In parallel, on 17 April, 30 civil society organisations wrote jointly to the President urging the Security Council to take measures to ensure that such organisations were able to continue contributing to the Council’s work.  In this context, they requested that the Council “Find a solution to broadcast Open VTCs live as a matter of urgency.”


With the Security Council, it is never clear whether outside pressure will push the Council members forward to take certain actions, or whether it might cause at least one member to further dig into an established position.  In this case, although it took the Council a month to reach the stage of full livestreaming – which seemed to some like an unnecessary delay – outside pressure did not appear to be a hindrance.


At his press conference held the first day of the April presidency, and in a parallel podcast interview given to PassBlue, the Dominican representative stressed that he was committed to making his country’s presidency as transparent as possible, and he held out the possibility that further advancements in working methods might be agreed over the course of April. 

One further modality which has been under discussion within the Council is that of designating VTCs convened during the pandemic as official meetings.  Now that all Open VTCs will be fully webcast, the difference between considering them official or unofficial has significantly narrowed.  And there would be several advantages to deeming these VTCs to be official meetings. 


First, there would be less of a gap in the UN’s official records between Council meetings held before the UN building's closure and the time when it eventually reopens.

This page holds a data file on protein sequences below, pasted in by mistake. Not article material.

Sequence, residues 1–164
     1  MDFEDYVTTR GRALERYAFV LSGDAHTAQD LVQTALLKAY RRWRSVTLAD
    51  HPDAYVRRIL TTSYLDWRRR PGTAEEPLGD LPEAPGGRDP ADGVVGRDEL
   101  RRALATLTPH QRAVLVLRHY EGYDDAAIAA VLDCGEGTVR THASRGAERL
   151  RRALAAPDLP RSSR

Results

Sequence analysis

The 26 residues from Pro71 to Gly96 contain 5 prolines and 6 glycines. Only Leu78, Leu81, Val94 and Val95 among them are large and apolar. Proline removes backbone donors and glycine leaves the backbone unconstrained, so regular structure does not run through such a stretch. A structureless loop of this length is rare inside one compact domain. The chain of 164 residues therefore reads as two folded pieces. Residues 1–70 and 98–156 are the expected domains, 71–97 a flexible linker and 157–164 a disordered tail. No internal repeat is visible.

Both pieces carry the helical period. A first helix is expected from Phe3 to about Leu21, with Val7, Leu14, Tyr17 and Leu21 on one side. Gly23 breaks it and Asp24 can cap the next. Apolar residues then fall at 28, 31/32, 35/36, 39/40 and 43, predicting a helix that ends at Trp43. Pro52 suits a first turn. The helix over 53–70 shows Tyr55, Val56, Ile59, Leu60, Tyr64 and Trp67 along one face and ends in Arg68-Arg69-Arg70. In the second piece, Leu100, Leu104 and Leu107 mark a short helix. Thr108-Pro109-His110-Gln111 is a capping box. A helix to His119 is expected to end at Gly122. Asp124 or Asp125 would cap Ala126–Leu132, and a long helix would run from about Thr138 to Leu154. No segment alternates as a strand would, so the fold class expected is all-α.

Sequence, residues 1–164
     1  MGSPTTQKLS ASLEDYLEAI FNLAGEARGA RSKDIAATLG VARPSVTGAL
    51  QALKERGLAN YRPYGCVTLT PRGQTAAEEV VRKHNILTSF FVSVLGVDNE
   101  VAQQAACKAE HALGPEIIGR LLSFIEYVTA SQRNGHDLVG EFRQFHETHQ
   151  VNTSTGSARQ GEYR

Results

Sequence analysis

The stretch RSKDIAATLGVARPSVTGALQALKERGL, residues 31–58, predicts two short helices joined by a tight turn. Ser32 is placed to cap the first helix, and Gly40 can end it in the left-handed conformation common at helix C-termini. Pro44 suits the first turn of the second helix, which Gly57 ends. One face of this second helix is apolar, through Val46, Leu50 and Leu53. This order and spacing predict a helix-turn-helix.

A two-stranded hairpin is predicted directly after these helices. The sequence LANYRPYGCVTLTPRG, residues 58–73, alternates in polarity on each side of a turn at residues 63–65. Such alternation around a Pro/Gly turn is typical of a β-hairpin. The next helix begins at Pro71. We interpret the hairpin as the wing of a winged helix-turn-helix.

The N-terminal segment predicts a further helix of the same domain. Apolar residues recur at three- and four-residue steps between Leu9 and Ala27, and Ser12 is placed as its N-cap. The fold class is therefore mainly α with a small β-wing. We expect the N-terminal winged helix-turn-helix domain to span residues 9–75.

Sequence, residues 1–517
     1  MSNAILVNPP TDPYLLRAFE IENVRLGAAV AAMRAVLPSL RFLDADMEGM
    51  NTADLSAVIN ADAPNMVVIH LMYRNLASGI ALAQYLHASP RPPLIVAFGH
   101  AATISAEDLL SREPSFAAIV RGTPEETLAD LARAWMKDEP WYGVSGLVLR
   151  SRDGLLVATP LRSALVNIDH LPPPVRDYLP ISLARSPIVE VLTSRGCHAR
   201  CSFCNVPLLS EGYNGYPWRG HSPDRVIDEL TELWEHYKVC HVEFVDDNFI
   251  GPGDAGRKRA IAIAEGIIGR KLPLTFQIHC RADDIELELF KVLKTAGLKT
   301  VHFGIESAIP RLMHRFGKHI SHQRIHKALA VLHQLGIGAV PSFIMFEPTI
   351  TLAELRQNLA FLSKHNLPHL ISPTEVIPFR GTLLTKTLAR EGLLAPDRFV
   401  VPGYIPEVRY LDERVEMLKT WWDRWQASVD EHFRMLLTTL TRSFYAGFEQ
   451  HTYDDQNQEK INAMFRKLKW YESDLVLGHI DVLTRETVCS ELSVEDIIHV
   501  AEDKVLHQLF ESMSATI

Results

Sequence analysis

Second, full verbatim records would be available which would include all the proceedings of each open meeting, rather than only the statements prepared by each speaker. 


In connection with any decision to consider Open VTCs to be official meetings, the question has arisen as to whether this would require the proceedings to be interpreted into all official languages.  Rule 42 of the Council’s Provisional Rules of Procedure states:  “Speeches made in any of the six languages of the Security Council shall be interpreted into the other five languages.” 


It remains to be seen whether the UN has the technological capacity to provide full interpretation for online meetings.  In the event it does not, there is precedent for the Council, under unusual circumstances, to explicitly suspend this type of technical rule.  In 2004, when the Council decided to hold several official meetings in Nairobi, it decided to waive the requirement set out in Rule 49 that the verbatim record of each meeting shall be made available on the first working day following the meeting.  Instead, it adopted a resolution suspending the rule and deciding that the verbatim record would instead be issued later in New York.[3]


(This update supplements pages 23-24 and 44-51 of the book.)


[1] See a related article on this website.

[2] See a related article on this website. 

[3] By today’s practice, a decision by the Council to explicitly suspend one of its procedural rules would probably be published in the format of a Note by the President rather than a resolution.